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Author Topic: DSLR, MF digital...... :D  (Read 18870 times)
James R Russell
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« Reply #60 on: May 13, 2008, 03:54:50 PM »
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James,

In your perfect world digital may be the perfect solution, but there are others who have different goals in life, different ways of working and different needs. For one, they may be needing "romantic" materials to get satisfaction out of their work. Running studios all over the world does not make you the supreme source of all photography knowledge. Well, of course, it's just your opinion, but you seem to push hard to rule out other ideas than yours. I strongly believe there is a place for everything. Digital has opened lots of new doors, which is great. But I am very happy that film is in my bundle of choices too. Not everybody wants to hike around with a production team following in a helicopter.

EPd
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I'm not going to apologize or change the way I write.  I share from my experience and make it clear that it is only my experience as I am my only intimate reference I have, but be under no misconceptions that I think my way is the only way, because I know it's not.

Also be clear that what I write is in the form of sharing, not taking and the last thing I want is anyone to do things the way I do them.

But for the record, my life is pretty much a get up and work 18 hour a day style of existence.

If it comes across to you or others as bragging, or portraying a lifestyle where I fly in private jets, carry a fluffy white cat and have people waiting on me hand and foot it's not.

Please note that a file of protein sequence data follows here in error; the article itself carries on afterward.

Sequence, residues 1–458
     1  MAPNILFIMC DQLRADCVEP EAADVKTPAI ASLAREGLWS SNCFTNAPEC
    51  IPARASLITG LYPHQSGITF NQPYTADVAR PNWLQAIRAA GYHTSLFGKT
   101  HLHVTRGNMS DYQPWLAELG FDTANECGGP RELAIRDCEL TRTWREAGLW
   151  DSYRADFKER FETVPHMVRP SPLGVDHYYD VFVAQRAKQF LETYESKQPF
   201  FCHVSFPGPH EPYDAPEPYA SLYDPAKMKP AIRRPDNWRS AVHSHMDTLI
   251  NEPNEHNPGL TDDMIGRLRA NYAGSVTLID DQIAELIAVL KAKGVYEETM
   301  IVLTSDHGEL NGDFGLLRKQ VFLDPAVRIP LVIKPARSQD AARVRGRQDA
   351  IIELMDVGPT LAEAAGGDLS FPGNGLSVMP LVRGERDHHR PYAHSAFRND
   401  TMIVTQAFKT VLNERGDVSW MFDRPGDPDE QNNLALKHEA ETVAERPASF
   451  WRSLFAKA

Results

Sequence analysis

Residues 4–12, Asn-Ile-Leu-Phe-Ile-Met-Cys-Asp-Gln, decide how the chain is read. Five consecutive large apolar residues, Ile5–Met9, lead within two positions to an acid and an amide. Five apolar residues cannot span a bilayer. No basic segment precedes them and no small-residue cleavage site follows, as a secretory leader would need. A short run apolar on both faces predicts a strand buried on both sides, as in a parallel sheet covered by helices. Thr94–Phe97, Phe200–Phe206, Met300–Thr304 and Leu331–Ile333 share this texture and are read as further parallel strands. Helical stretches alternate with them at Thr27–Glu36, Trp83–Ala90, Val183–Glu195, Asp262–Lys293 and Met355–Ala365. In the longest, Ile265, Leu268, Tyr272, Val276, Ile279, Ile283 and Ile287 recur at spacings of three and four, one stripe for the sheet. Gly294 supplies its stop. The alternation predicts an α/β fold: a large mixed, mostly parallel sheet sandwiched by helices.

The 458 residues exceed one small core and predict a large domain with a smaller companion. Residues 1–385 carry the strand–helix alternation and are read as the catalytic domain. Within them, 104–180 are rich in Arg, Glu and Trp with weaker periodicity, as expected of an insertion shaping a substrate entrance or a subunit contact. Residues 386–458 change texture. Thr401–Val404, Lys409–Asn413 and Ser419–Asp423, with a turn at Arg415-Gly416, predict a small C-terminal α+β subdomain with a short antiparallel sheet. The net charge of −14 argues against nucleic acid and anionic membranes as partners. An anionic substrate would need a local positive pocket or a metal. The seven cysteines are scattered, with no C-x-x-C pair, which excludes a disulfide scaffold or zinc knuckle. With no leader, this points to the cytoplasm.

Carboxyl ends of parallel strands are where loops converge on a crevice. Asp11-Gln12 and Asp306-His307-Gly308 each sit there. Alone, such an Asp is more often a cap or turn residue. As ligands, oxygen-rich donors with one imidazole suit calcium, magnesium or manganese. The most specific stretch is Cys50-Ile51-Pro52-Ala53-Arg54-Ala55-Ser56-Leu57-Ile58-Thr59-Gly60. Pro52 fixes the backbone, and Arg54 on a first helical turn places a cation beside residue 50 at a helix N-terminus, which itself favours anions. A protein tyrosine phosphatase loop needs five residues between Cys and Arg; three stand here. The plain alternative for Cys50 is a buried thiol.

It's just plain ol' hard, light industrial labor.


JR

P.S.  I also ain't protesting and I'm sure as hell not a lady.
« Last Edit: May 13, 2008, 03:59:14 PM by James R Russell » Logged

samuel_js
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« Reply #61 on: May 13, 2008, 04:06:41 PM »
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To me this is like Vinyl vs CD. I think CDs sound like crap compared to a vinyl really. But none seems to care, the only thing important is that the vinyl sound dirty compared. The CDs has no "grain".
But do I buy LPs now? No, because the industry has lost interest because is more expensive, it's no a good deal now. Why should I need warmer sound and better and bigger format and presentation lyout when the Cds offer me clean sound? It doesn't matter. We buy a small and cheap produced format just for the clean sound instead...

If digital photography is so good it should contribute to better photographs but it doesn't. It just  add million of tons of gigabits of crap. And it doesn't make our client's life easier. Just because they want to see the results now!

I don't see any romanticism in film (or vinyl) actually, maybe because I worked with film under a very long time. And I don't see how modern photography could persist without the digital technology. But in this matter nothing is black or white. They should help each other.

I'm part of the industry too but I like too look myself in the mirror from time to time and be sure I'm not loosing it.